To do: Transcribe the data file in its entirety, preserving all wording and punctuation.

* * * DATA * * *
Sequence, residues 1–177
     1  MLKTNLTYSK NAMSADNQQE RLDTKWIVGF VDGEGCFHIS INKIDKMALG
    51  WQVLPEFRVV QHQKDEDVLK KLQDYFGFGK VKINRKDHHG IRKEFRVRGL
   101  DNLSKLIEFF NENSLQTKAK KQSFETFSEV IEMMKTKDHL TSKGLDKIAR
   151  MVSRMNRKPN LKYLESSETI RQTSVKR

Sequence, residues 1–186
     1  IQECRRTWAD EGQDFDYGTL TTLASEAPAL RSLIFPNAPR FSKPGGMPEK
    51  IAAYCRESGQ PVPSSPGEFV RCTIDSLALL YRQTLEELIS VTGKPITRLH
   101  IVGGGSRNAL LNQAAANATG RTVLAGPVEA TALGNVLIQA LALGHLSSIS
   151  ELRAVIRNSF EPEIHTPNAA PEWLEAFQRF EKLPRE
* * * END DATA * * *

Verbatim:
Sequence, residues 1–177
     1  MLKTNLTYSK NAMSADNQQE RLDTKWIVGF VDGEGCFHIS INKIDKMALG
    51  WQVLPEFRVV QHQKDEDVLK KLQDYFGFGK VKINRKDHHG IRKEFRVRGL
   101  DNLSKLIEFF NENSLQTKAK KQSFETFSEV IEMMKTKDHL TSKGLDKIAR
   151  MVSRMNRKPN LKYLESSETI RQTSVKR

Sequence, residues 1–186
     1  IQECRRTWAD EGQDFDYGTL TTLASEAPAL RSLIFPNAPR FSKPGGMPEK
    51  IAAYCRESGQ PVPSSPGEFV RCTIDSLALL YRQTLEELIS VTGKPITRLH
   101  IVGGGSRNAL LNQAAANATG RTVLAGPVEA TALGNVLIQA LALGHLSSIS
   151  ELRAVIRNSF EPEIHTPNAA PEWLEAFQRF EKLPRE